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The Journal of Asian Finance, Economics, and Business Vol. 9 No.9.jpg
SCOPUS 학술저널

Family Ownership and Dividend Policy: Evidence from India

Family Ownership and Dividend Policy: Evidence from India

The article examines the ownership structure and dividend payout behavior of India-listed firms using a panel regression approach. It focuses on family ownership and examines why dividend payouts of family firms differ from non-family firms. The study finds that family firms dominate and have concentrated ownership using data from the NSE-listed regular dividend-paying firms. Although family ownership concentration is high among Indian firms, these firms are not concerned about distributing cash as dividends. Instead, these firms focus on retaining and passing on control from one generation to the next. The evidence shows that family firms pay low dividends and have higher leverage than non-family counterparts. The results support the entrenchment of minority shareholders and the proposition that a high payout signals a reduction in the information asymmetry and level of risk. The study further illustrates that cash dividends tend to reduce the level of risk perceived; however, (cash dividend) leads to the deterioration firm’s liquidity and aid in the shrinking of cash among emerging market firms. The originality of the paper lies in factoring ownership concentration while explaining the dividend behaviour from an emerging markets perspective, characterized by high private benefits and weak protection for external minority shareholders.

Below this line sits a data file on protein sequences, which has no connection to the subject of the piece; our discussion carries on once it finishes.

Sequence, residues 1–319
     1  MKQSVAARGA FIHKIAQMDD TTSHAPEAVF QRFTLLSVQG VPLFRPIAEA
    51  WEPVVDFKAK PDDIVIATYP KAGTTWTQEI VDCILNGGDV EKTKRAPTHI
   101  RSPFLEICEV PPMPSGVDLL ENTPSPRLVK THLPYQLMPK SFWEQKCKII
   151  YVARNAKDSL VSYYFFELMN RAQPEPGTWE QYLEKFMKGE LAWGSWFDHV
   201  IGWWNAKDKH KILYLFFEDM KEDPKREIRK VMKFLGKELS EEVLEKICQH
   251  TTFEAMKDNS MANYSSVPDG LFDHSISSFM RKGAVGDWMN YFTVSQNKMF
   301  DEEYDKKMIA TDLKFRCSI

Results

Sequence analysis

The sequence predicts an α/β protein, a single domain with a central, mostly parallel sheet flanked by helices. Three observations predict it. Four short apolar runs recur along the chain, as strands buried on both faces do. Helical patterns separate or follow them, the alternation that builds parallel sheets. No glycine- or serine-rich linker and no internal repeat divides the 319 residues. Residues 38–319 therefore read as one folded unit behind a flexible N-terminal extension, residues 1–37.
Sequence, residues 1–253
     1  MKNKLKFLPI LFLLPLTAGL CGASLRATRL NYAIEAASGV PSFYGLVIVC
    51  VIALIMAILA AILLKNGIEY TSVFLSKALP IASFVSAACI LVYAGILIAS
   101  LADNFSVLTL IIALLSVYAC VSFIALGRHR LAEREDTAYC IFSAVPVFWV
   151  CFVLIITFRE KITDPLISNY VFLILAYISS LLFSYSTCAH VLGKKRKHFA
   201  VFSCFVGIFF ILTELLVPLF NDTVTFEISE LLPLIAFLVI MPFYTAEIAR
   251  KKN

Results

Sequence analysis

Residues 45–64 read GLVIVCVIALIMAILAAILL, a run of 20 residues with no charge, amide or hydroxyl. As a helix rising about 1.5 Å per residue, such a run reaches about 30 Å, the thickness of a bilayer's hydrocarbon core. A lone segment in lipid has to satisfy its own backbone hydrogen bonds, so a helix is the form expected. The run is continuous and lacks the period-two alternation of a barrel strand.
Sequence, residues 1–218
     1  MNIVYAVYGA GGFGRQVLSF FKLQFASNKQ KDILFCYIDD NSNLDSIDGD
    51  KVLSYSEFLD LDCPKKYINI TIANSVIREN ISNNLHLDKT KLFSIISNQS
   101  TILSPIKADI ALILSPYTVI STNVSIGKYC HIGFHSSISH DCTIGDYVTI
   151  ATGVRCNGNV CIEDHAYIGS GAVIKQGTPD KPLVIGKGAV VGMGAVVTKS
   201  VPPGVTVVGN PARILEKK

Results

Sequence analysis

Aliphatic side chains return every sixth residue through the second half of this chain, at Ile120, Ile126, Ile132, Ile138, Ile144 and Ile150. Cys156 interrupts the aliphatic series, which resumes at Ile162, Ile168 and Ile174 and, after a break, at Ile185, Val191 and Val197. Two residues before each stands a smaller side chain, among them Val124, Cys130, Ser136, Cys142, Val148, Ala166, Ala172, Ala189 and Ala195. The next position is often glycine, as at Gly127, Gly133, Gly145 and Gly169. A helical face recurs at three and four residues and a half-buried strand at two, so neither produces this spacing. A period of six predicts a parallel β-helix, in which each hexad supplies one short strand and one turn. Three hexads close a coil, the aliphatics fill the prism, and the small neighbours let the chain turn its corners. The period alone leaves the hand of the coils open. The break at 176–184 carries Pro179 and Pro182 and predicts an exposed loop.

1. Introduction

2. Literature Review

3. Hypotheses Development

4. Data and Empirical Design

5. Results

6. Conclusion and Implications

References

Appendix

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